This Sunday (as well as Monday outside of Israel), we celebrate the holiday of Shavuot, upon which the Jewish people experienced God communicating with them and giving them the Torah.
However, in order to understand this holiday at its spiritual core, we must do what we always do to get to the spiritual core of anything according to Kabbalah: take a look at its name.
The name "Shavuot" literally means "weeks," referring to the seven weeks from the holiday of Passover to the holiday of Shavuot.
This begs a question: Why are we referring to one of the most pinnacle days in Judaism by a name that de-emphasizes what it is that we are celebrating? Shouldn't this holiday be called "Torah Day"? Why, instead of calling it "Torah Day" do we refer to it as "Previous Seven Weeks"? This seems very anticlimactic. It's similar to if we would refer to Rosh Hashonah as "Previous 364 Days of the Year"—very anticlimactic.
To answer this question about the spiritual core of Shavuot, we must delve into the spiritual core of Passover.
According to Kabbalah, Passover is not only called "Passover" due to God's passing over the houses of the Jewish people during the plague of the firstborn sons. It is also called "Passover" because on Passover (Seder) night there is a "passing over of levels."
That is, Passover night is the "highest" night according to Kabbalah. A person is able to experience God on a level much higher than the level he is truly holding at.
This is easily explained by the following illustration: Imagine a friend of yours telling you that she has just met a guy and that the two of them are in love—"It's love at first sight," she says.
You respond to your friend, "Wow! That's great! So how did you get such a feeling?"
"Well," she says, "we were both at a party. I was on one side of the room and he was on the other side of the room. I was looking around the room, and he too, was looking around the room. All of a sudden, right there in middle of the room, our eyes met and sparks flew and there were fireworks—you know, love at first sight!"
You, not being a member of this couple, think to yourself, "So, you are telling me that this feeling of love is based on nothing."
At First Sight: Romance or Love?
This is how relationships tend to start—with a passing over of levels.
Despite the fact that your friend's relationship is holding steadily at zero (or close to zero), having put next to nothing into it, you feel and experience love that is much higher.
But, what happens next?
At some point she has to come crashing down to the level that her relationship is truly at.
The burst of inspiration at the beginning of our relationships is a 'love feeling', but it isn't 'love actually'. We are not in love at first sight; we are in romance at first sight.
However, this romance opens the door and awakens us to the love potential of this relationship. It motivates us to go after the relationship opportunity at our doorstep.
Since we cannot experience this level of love in an enduring manner if our relationship is not truly holding there, we crash down from the high, and then the question is whether or not we will put the work in to build this relationship up in a real way. When we do buy in and follow through, we climb step-by-step and stage-by-stage to come back to that grand love experience that we felt at the beginning, but in a deeper, fuller, and more meaningful way; and that is love.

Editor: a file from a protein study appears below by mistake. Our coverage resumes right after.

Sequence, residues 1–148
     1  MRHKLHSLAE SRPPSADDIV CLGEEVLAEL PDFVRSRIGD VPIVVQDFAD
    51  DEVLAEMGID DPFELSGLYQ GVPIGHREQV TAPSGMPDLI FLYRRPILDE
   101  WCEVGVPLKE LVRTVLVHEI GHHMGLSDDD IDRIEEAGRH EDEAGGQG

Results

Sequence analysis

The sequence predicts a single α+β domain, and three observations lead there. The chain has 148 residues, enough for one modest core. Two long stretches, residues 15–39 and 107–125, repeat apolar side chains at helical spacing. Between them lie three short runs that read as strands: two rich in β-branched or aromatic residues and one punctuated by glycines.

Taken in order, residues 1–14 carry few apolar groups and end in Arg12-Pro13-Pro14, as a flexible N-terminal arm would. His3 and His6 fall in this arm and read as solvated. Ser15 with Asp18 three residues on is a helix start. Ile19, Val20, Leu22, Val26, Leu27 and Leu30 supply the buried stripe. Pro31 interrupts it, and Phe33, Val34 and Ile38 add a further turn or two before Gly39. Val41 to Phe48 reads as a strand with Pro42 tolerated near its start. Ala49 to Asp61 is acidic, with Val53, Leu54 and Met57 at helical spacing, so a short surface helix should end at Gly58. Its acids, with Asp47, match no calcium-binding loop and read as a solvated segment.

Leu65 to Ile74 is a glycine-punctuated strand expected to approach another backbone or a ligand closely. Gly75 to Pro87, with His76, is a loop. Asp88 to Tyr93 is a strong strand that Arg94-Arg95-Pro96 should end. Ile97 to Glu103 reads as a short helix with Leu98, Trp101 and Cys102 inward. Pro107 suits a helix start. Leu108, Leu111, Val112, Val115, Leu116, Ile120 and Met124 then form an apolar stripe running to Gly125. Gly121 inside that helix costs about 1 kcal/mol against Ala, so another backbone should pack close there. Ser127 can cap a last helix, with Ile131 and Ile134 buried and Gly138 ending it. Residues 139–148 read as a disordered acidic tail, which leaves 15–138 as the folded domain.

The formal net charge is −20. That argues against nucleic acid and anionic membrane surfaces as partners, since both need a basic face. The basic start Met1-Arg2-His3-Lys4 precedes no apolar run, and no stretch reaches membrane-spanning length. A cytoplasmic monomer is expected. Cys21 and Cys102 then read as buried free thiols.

This is what the Passover-Shavuot dynamic is all about.
On Passover night, upon which we celebrate the Jewish people's exodus from Egypt, we experience the initiation of the relationship between God and the Jewish nation; there is a "romantic" passing over of levels and we experience a much higher plane of relationship with God than the level we are truly at.
However, after that initial high, we crash down; but we are left with an impression of what could be, and we are motivated to make that into a reality. Over the next seven weeks, we work to build ourselves into the more refined individual—both personally and spiritually—that we are truly capable of being, the individual that merits to be on that high level of God-connection and God-experience, that high level of love.
This is why the holiday of Shavuot is called by that name, meaning "weeks"; it is only to the extent that we build and refine ourselves to become the person truly open to receiving the Torah that we are capable of receiving the Torah on the holiday of Shavuot. After all, God can send the Torah our way on the holiday of Shavuot but if we are not open to receiving it, we are going to miss out.
Therefore, the Shavuot holiday is only "Torah Day" for us to the extent that we build, refine, and open ourselves up to receiving the Torah during the seven weeks leading up to the holiday. And it is for this reason that we call the holiday by the name "Shavuot," meaning "weeks."
May we all be blessed to take the necessary steps to build ourselves into the higher more refined versions of ourselves, live out our potentials, experience our love relationship with God, and truly receive the Torah into our lives on Shavuot.